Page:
Saturday, October 04, 2008

Why such a lousy bill?

So the big bailout has passed and been signed into law. As the NY Times points out this morning, now the Treasury has to figure out a price for all those mortgage-backed securities so it can start buying them up. These are the securities that more pessimistic observers refer to as "worthless" and "toxic." Whoopee.

It's striking that even supporters of this bill don't like it, and recognize its key flaw. Former labor secretary Robert Reich calls it "a lousy bill. It doesn't do the most important thing--help distressed homeowners avoid foreclosure." Paul Krugman says "the plan on offer is a stinker," and that "at best, the plan will buy some time to seek a real solution to the crisis." Even the CEO pay limitations that some Dems insisted on are just window dressing, and not likely to have a real impact on excessive CEO pay.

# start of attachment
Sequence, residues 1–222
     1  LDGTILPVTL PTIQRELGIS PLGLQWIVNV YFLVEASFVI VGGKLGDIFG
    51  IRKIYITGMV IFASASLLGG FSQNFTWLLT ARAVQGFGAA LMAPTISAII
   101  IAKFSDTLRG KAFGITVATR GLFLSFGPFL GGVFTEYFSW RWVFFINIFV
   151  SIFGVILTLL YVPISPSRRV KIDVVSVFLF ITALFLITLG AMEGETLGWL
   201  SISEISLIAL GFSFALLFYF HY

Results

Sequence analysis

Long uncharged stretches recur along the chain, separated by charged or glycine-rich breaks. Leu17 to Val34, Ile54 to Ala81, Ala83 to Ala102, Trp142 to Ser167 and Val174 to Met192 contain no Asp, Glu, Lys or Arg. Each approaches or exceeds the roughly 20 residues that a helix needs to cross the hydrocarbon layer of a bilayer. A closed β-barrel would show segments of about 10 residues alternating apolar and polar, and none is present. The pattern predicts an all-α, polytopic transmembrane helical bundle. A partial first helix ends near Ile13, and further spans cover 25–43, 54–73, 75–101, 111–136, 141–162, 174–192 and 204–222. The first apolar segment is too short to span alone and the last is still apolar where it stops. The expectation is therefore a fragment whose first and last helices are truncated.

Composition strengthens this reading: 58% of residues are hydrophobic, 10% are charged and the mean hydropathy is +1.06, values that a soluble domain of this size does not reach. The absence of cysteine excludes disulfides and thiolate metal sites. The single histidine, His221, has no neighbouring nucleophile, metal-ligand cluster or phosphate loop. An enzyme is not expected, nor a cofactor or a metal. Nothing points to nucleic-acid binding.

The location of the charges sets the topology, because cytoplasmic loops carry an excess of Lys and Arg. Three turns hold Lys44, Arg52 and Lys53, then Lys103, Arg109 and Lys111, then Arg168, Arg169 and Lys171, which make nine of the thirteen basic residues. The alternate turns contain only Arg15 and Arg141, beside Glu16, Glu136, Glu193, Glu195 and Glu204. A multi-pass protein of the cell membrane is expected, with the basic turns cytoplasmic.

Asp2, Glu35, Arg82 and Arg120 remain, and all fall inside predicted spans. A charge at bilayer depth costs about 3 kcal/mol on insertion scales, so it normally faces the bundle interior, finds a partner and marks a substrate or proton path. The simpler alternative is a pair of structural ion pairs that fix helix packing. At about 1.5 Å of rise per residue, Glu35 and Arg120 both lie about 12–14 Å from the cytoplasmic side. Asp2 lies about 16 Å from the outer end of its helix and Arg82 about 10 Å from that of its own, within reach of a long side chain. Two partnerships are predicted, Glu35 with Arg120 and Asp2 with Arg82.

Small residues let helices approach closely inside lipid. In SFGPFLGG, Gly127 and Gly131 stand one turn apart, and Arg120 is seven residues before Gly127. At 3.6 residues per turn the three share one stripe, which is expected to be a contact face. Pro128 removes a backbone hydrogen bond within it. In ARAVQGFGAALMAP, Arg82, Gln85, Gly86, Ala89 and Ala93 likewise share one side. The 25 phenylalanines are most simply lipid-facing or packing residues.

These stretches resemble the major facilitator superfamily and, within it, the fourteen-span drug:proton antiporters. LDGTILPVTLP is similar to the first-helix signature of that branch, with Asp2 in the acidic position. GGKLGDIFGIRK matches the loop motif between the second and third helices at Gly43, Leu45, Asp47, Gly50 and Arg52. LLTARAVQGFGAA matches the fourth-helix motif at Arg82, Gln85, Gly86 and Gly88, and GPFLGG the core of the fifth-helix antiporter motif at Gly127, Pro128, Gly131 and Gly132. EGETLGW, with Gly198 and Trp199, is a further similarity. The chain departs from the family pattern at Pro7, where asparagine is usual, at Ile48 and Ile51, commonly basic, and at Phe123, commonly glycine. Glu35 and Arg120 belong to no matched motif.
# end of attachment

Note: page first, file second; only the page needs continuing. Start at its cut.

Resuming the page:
So why was a better bill impossible? All the right-thinking people in Washington and the punditocracy have been reassuring us that this bill, bad as it is, needed to be passed, and passed quickly. But has anyone explained why a bill that actually addressed the root of the problem, and provided more direct help to distressed homeowners and the middle class, was never even considered? There might be a good answer as to why alternatives were not considered. But no one with access to a prominent op-ed page seems to be wondering why. It's just taken for granted that a bad bill was the best we could hope for.

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